Understanding the Bankruptcy Abuse Prevention & Consumer Protection Act

On Oct. 17, 2005 the Bankruptcy Abuse Prevention and Consumer Protection Act of 2005 was implemented. Though the changes are many, some of the significant changes are as follows:

Median Income Thresholds:

If your Current Monthly Income[CMI] (calculated by annualizing your gross income for the last 6 months plus other income received on a regular basis but not including social security income) is less than the Median Family Income (determined by the median family income reported by the Bureau of the Census for your state and household size) you may file a Chapter 7 If your CMI is greater than the Median Family Income, you must conduct a Means Test to determine if you are eligible to file a Chapter 7.

Means Test Formula:

The means test formula begins with CMI and deducts allowed expenses to calculate a monthly amount presumed to be available to unsecured creditors. Generally, a debtor may deduct the amounts specified for the IRS National Standards for food, clothing, housekeeping supplies, personal care and miscellaneous expenses and the amounts specified for the IRS Regional Standards for automobiles and housing expense. Actual expenses may be deducted for certain other categories of expenses including child care, court-ordered payments for alimony, support and restitution, necessary medical and dental expenses, term life insurance premiums, taxes, internet services.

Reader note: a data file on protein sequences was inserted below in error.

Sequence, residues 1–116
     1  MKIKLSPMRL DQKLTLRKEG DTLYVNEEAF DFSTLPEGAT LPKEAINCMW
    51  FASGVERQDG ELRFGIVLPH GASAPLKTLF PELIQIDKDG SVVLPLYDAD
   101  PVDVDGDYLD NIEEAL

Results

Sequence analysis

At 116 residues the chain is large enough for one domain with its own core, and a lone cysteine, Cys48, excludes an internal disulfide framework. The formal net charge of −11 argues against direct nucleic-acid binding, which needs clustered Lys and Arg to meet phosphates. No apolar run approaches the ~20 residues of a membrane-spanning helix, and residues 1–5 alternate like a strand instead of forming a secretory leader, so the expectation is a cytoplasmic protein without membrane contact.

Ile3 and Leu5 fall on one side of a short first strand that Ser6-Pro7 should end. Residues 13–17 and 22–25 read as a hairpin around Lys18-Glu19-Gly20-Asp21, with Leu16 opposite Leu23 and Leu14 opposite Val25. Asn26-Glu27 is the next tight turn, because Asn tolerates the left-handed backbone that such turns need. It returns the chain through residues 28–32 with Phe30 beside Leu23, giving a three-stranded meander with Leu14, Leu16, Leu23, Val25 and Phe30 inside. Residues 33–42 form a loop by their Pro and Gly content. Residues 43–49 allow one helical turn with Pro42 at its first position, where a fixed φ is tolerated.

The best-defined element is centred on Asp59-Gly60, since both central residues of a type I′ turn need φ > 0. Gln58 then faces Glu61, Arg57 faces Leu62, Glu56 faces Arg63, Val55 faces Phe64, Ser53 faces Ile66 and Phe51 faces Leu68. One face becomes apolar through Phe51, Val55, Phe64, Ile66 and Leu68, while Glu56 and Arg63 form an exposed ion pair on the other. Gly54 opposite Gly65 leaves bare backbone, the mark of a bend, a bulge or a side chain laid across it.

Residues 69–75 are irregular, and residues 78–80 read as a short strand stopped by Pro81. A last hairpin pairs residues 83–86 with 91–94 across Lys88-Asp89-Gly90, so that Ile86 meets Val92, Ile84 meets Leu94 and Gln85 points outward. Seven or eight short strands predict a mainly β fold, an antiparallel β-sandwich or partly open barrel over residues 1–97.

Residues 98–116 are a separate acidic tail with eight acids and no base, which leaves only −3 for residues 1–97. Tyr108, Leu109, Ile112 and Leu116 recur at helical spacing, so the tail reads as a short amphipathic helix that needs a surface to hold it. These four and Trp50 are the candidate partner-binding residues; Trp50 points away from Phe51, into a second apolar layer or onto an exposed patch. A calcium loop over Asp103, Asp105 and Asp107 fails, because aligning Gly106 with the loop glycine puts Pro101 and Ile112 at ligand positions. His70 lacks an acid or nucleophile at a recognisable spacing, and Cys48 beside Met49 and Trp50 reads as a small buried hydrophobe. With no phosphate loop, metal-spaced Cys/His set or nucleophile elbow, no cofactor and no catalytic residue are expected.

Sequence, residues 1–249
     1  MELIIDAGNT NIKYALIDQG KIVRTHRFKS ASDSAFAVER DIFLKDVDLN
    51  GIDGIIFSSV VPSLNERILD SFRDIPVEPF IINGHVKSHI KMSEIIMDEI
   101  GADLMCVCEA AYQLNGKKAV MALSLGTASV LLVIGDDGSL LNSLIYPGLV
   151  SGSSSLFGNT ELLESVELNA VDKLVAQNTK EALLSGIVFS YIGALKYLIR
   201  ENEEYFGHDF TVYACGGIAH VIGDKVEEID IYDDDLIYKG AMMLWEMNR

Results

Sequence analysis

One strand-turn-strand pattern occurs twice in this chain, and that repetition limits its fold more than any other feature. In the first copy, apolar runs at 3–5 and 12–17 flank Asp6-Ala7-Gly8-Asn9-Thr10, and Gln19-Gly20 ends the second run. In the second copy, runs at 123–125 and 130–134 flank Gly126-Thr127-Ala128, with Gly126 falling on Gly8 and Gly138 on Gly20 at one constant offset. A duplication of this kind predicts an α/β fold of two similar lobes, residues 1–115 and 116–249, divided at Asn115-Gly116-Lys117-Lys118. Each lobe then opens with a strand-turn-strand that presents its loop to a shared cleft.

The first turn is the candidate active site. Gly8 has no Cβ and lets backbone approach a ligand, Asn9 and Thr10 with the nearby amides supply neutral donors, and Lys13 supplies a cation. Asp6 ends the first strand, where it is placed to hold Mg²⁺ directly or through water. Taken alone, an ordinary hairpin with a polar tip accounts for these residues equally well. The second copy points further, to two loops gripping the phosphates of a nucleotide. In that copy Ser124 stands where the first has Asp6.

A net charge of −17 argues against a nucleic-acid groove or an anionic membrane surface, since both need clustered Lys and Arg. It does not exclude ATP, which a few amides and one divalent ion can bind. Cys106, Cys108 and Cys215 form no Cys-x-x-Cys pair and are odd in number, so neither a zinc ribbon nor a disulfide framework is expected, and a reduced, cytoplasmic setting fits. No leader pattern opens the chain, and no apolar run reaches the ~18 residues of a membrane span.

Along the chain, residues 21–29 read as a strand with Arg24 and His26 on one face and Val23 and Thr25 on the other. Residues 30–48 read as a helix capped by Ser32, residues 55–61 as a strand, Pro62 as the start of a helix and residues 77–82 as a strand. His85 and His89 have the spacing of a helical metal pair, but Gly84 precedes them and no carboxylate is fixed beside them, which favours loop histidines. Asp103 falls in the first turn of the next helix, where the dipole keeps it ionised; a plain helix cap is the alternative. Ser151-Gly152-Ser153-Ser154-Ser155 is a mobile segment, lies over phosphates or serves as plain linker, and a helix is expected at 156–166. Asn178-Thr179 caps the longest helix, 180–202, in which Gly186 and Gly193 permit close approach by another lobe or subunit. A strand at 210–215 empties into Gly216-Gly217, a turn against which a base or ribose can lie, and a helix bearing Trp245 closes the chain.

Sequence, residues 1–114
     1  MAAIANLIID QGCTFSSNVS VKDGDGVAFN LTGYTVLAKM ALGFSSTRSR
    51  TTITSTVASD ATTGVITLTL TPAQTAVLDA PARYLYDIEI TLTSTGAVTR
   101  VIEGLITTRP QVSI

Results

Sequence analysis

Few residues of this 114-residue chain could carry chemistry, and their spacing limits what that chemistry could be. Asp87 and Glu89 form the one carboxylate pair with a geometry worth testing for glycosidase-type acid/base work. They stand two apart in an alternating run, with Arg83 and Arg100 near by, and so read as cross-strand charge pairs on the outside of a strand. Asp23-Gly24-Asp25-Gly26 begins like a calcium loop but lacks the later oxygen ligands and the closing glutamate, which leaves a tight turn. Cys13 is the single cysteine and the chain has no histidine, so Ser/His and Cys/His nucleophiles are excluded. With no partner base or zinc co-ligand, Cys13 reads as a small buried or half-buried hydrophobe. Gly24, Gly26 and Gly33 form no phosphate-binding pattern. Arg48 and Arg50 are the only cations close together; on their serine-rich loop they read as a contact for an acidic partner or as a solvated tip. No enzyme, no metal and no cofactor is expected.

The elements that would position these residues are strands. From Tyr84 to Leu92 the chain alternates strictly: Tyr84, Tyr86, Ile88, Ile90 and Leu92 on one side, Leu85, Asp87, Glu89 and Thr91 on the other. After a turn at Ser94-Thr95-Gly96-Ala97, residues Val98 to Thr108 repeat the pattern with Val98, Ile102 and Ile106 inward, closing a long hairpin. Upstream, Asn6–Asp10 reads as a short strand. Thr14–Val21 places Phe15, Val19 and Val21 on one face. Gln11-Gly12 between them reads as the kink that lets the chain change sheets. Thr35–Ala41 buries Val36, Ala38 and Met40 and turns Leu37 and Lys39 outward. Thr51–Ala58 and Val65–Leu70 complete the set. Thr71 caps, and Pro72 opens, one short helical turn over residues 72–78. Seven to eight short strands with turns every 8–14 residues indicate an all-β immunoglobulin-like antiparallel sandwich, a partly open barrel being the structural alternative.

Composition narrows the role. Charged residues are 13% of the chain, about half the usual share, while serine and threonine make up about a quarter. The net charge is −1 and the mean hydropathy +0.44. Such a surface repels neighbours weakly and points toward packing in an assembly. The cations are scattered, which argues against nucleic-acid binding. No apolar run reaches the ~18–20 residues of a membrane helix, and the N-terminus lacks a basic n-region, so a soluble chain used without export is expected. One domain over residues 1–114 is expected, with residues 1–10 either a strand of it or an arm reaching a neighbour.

Presumption of Abuse:

Presumption of abuse arises if after conducting the means test, the amount left over times 60 is less than $10,000.00 or 25% of unsecured debt, as long as that 25% of unsecured debt is at least $6,000.00. The presumption of abuse may be rebutted, by showing special circumstances including serious medical condition, call to active duty in the armed forces.

Counseling and Debtor Education Classes:

With limited exceptions, debtors must take a pre-bankruptcy counseling class form a credit counseling agency approved by the United States Trustee before filing a bankruptcy petition or their case will likely be dismissed. After filing the case, a debtor must take a debtor education class form an approved agency or the debtor will not be entitled to a discharge.

Cram downs:

If you purchased a motor vehicle for personal use on credit more than 910 days before the filing of the petition, you may pay only the replacement value of the motor vehicle even if the loan balance is more.

Tax Returns:

Chapter 13 debtors must have filed with appropriate taxing authorities by the day before the firs scheduled 341 meeting, all tax returns that debtor was required to file for all taxable periods ending in the four years before the petition. At least 7 days before the §341 meeting of creditors, the debtor must provide to the Trustee a copy of the federal income tax return required under applicable law (or a tax transcript of such return) for the most recent tax year ending immediately before the commence of the case and for which a federal income tax return was filed.

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